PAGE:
I started to train her for agility, which was quite different at first as I had only standard dogs before her. You never really know their full potential at the beginning, but as a few seasons had gone she went from strength to strength. Chocki has qualified for Crufts for six years running and has been to Olympia twice. She has also won four Pedigree Classics at Dogs In Need, plus well over one hundred first places in her career to date.

When the Championship was first discussed, I have got to be honest and say that I wasnít bothered one way or the other, but having a dog that was eligible; of course I wanted to have a go. At the first one we competed in, at The Agility Club Show in June 2001, we were eliminated in the first agility round, so were out of contention. The second was at Rugby in July, where she won both the Agility and Jumping rounds to enable her to compete in the final round, which Chocki also won, thus gaining her first CC.

Having done that, we realised that we might have a chance to accumulate three to become a Champion. We competed in our third Championship class at Chippenham in November, gaining a Reserve CC.

We received an invite from the Kennel Club to compete in the Championship class at Crufts in March 2002, which was a very exciting and unexpected prospect. Peter Lewis was the judge and put up two very testing courses on Friday morning, in which Chocki went clear in both, so it meant that we could compete in the final, in the Main Ring later that day. Another slightly testing course was set up, but not quite as difficult as the morningís. Well, she managed to pull out all the stops and win. Chocki became the first ever UK Mini Agility Champion.

I find it very hard to explain the feeling Ė I am so proud of her, and to me she can never better what she has achieved. It just goes to show what a rescue dog can do, given the chance.

Cassie The Lassie from Battersea

by Glenda Cutler

CassieIt all started a couple of summers ago at one of the agility shows when Glenda Cutler attended with her two dogs Jennie and Sam. She was discussing  the possibility of extending my pack to three with some friends and they convinced me to look for a rescue dog.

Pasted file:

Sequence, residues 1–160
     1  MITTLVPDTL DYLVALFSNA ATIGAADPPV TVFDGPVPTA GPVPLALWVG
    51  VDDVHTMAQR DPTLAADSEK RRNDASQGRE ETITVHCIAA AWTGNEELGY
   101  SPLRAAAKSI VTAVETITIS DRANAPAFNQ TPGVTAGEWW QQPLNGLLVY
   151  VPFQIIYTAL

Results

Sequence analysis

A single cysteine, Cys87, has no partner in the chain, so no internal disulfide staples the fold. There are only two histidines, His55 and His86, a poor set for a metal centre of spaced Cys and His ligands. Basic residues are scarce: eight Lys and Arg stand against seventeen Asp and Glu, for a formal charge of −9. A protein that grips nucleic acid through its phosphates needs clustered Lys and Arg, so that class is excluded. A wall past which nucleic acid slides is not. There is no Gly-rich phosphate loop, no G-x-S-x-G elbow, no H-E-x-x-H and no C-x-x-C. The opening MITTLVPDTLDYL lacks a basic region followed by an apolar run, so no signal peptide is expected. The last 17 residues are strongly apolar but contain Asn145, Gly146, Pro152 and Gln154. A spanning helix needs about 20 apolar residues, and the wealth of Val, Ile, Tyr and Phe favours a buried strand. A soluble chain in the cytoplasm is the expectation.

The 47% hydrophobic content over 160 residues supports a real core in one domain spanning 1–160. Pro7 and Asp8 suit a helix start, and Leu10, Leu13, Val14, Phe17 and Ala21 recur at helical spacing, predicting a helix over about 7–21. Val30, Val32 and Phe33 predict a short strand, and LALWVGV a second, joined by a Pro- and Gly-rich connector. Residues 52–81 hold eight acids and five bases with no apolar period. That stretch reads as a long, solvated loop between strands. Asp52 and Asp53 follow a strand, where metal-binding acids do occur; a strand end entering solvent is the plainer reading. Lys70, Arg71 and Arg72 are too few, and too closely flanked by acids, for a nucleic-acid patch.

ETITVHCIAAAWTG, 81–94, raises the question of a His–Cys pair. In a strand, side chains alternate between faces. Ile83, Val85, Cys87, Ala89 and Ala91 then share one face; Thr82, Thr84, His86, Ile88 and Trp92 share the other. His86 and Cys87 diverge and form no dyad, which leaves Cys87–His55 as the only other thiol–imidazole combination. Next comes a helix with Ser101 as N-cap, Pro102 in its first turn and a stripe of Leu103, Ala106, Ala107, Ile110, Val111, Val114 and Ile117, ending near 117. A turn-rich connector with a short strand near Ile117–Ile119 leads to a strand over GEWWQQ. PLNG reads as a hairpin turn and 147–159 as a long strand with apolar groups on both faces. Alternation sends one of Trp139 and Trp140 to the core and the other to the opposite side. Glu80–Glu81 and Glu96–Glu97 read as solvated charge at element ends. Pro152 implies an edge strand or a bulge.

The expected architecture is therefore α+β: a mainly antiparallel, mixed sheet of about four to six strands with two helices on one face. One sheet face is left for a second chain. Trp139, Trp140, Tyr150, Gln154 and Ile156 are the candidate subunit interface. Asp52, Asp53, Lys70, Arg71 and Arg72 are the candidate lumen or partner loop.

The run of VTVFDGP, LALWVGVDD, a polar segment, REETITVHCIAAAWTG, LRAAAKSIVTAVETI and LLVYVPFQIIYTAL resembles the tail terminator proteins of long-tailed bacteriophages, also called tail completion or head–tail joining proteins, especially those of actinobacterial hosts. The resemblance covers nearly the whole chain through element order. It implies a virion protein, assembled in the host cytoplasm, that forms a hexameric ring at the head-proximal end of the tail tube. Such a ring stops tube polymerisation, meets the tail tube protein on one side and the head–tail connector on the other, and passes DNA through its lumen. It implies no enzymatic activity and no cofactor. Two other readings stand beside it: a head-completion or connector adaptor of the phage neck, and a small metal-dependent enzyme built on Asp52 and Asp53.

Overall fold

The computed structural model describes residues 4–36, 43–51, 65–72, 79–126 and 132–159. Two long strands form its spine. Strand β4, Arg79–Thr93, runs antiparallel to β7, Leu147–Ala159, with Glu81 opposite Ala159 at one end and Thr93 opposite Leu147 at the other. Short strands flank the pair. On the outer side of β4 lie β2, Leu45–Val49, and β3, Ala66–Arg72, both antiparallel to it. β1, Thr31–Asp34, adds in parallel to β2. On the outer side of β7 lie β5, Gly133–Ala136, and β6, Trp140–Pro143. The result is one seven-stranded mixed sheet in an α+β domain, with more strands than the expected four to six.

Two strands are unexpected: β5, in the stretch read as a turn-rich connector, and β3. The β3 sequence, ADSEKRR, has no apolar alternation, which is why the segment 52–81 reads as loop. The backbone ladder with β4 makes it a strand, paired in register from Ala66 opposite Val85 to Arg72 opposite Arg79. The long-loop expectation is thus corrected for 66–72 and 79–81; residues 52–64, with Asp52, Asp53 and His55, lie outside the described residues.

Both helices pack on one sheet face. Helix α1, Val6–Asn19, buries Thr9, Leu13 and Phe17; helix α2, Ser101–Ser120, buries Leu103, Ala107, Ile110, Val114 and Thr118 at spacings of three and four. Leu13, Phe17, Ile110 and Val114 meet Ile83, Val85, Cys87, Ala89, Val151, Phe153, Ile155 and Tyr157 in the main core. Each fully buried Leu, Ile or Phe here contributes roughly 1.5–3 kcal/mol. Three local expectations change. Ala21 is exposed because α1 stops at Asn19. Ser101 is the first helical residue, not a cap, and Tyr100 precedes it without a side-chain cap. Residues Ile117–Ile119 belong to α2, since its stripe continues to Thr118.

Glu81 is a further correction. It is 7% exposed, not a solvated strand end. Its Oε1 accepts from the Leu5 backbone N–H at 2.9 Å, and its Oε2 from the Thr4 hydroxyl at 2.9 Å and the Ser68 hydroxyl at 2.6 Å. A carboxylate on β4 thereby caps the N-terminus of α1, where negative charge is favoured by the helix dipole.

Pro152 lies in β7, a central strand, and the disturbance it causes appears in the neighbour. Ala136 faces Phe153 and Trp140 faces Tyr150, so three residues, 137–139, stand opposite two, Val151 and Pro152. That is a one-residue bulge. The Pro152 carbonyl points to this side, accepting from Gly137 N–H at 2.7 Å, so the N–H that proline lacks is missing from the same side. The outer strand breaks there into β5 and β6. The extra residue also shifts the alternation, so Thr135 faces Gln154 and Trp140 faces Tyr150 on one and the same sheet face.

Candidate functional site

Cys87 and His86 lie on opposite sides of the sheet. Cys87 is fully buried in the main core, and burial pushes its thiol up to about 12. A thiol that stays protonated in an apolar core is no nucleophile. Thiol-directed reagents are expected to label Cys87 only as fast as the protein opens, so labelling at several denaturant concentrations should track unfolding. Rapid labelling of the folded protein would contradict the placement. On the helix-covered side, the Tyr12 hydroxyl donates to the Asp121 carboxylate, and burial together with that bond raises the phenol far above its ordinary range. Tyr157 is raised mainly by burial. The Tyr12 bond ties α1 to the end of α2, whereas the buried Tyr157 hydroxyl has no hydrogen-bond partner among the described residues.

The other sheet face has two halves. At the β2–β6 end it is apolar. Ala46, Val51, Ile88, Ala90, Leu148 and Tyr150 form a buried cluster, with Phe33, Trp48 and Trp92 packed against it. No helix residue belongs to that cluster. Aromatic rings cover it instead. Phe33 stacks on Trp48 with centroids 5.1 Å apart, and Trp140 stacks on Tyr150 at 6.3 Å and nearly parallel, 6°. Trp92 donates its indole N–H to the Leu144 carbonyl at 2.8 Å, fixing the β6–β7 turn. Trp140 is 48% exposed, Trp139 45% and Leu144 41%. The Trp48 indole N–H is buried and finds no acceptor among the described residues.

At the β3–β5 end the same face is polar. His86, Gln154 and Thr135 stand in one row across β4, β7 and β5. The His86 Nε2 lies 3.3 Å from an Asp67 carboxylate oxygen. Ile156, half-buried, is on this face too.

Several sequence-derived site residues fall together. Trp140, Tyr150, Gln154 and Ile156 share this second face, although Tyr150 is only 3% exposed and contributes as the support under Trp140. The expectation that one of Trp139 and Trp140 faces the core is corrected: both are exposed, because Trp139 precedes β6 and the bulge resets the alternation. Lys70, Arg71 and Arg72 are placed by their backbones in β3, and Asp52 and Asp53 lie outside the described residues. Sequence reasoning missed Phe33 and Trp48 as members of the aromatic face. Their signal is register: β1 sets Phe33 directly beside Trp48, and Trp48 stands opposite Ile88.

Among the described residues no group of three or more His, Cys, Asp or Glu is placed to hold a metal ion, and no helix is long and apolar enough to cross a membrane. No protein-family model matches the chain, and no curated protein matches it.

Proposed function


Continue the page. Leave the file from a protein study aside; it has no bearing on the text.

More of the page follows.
When I look at Cassie and remember that conversation that took place on that sunny day, I am so pleased. My friends would be proud of me. As I was unable to get a additional dog until the end of that year, due to a holiday abroad, it gave me plenty of time to make the necessary enquires. One of those enquires was to Battersea Dogs Home. I specifically wanted a bitch Border Collie, and she had to be a merle under a year old and I was prepared to wait. I know it sounds fussy, but I believe that when you take on a dog it is for life, and I knew somewhere out there would be the dog for me. How right I was!

A few weeks before Christmas 2000, Ali Taylor from Battersea phoned me. Yes, they had the ideal dog for me. A blue merle bitch, about one year old with an outgoing personality, just the right dog for agility. She had been brought in as a stray.

Off I went to see Cassie and it was love at first sight. As Cassie had the dreaded Battersea Kennel Cough it was another three weeks before she could come home, but having two other dogs I was not taking any chances with their health! She finally came home about two days before Christmas. We had planned to spend a quiet Christmas at home, but with three collies all romping around together it was, in fact, far from quiet but happy. All three dogs hit if off immediately, the girls are very much alike and have been mistaken for siblings. (I have a red merle Border Collie as well). Cassie settled in immediately Ė she is now top dog, and accepted as that by the others. When I see Cassie running and playing with the others as only Border Collies do, I feel that we were meant for each other. Aahh I hear you say...